The chorus of disagreement in Washington over a measly 25-billion dollars is something to behold. For the record that's less than 4% of the money that's been earmarked by the federal government to save the banks, insurance companies, the mortgage mills and other big-spenders on Wall Street and their Washington lobbying arms.
Today we hear the sitting president say he wants the Detroit automakers to get the cash, but with no fuel efficiency requirements. Too onerous perhaps?
This bailout for Detroit is an issue heating tempers across the political spectrum. One moderately conservative opinionator writes about the biggest danger to the American economy and its future gorwth: "It’s C.E.O.’s. It’s politically powerful crony capitalists who use their influence to create a stagnant corporate welfare state."
Outside my local post office today there were three young men from a right-wing group getting petition signatures to stop "The Multi-Trillion Dolloar Bailout." Meanwhile the United Auto Workers union is coming out big-time for the bail-out. The union is even verbally defending the Big Three auto makers from harsh words being spoken and written. The UAW refers to the cash as a "bridge loan." Perhaps. The above conservative opinionator has already called it a bridge to nowhere.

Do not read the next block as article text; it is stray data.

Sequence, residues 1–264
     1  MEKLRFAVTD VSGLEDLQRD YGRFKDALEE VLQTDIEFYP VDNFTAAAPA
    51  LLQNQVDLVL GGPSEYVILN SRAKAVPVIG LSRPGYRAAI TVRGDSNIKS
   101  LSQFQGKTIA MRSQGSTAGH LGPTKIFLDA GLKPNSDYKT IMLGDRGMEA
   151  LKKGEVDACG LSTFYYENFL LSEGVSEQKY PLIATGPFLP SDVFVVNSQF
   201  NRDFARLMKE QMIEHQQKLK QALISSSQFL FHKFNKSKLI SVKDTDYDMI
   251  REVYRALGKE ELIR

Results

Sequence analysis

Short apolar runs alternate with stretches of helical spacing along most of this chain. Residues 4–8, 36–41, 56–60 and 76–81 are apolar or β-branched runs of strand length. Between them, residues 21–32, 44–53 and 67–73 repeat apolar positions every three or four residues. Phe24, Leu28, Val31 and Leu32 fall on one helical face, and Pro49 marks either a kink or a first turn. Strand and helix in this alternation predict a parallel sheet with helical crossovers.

There is no final written version of the Detroit bail-out yet. And, if the current president prevails it may have no requirement for any tougher fuel efficiency standards to be met by future auto models out of Detroit. And if the overall economy continues to shrink and consumption to drop, gasoline prices may go down even further and we can just forget this whole fuel efficiency fad, right? Nobody in this discussion has yet said the words "global warming." But I would like to refer each Congressperson and any White House occupant to the U.N. report on the atmosphere. Give 'em the cash, if you please...but please don't forget about fuel efficiency.
A poll on GreenTech Pastures showed little support for just giving Detroit the cash because they're such fine folks. Some say, to hell with 'em, use the money for alternative energy. Another large fraction says any bail-out needs series restrictions. So here's your chance to vote, if you missed it earlier: